The Linburn Centre is a day centre for blinded war veterans at Wilkieston in West Lothian, Scotland, around 6 kilometres (3.7 mi) west of the city of Edinburgh. The centre is located within the estate of Linburn House, a country house which was demolished in 1955. It is operated by the charity Scottish War Blinded.
Scottish War Blinded
The Scottish National Institution for the War Blinded was established in 1915 to care for servicemen blinded in the First World War. The Institution purchased the Linburn estate in 1944 and developed housing, workshops and recreational facilities within the grounds of the house. Linburn House itself was used as a hospital before being demolished in 1955. 16 purpose-built homes were constructed for blinded veterans and their families.
In 2002 the hostel at Linburn, which provided nursing accommodation for blind veterans, was closed and the residents re-housed. In 2009 it was announced that a new centre would be built, to include workshops, gallery, gym, therapy spaces and offices. The design of the centre, by Page\Park Architects, is said to have been inspired by a Chinese dragon on display in the old building.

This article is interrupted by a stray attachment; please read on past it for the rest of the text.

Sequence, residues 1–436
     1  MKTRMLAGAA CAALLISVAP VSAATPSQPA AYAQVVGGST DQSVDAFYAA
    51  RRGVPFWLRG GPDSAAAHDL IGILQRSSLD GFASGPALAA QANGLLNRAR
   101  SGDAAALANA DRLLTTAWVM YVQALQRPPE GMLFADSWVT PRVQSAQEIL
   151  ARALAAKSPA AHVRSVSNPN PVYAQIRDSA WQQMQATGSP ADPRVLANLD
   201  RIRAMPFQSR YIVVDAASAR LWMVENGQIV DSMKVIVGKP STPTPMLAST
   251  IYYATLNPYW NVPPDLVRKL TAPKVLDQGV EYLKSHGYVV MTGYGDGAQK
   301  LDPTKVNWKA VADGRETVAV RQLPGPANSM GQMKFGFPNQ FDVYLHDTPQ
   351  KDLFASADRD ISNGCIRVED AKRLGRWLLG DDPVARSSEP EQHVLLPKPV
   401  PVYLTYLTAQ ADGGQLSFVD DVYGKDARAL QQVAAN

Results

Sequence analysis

The new Linburn Centre was officially opened in June 2011 by HRH The Duke of Gloucester. It incorporates a wide range of facilities to equip members with the skills and opportunities they require to maintain and improve the quality of their life. It is a center of activity and socialisation for members within the local area, but is also ideal for occasional short course use for members from further afield.
- "Wilkieston, Old Linburn House". CANMORE. Royal Commission on the Ancient and Historical Monuments of Scotland.
- "The Scottish National Institution for the War Blinded". Patient UK.
- "War-blinded OAPs given help to find new homes". The Scotsman. 4 February 2002.
- "Scottish War Blinded : Building Information". e-architect. 23 November 2009.
- "Royal support for new centre". West Lothian Herald and Post. 8 June 2011. Retrieved 18 August 2011.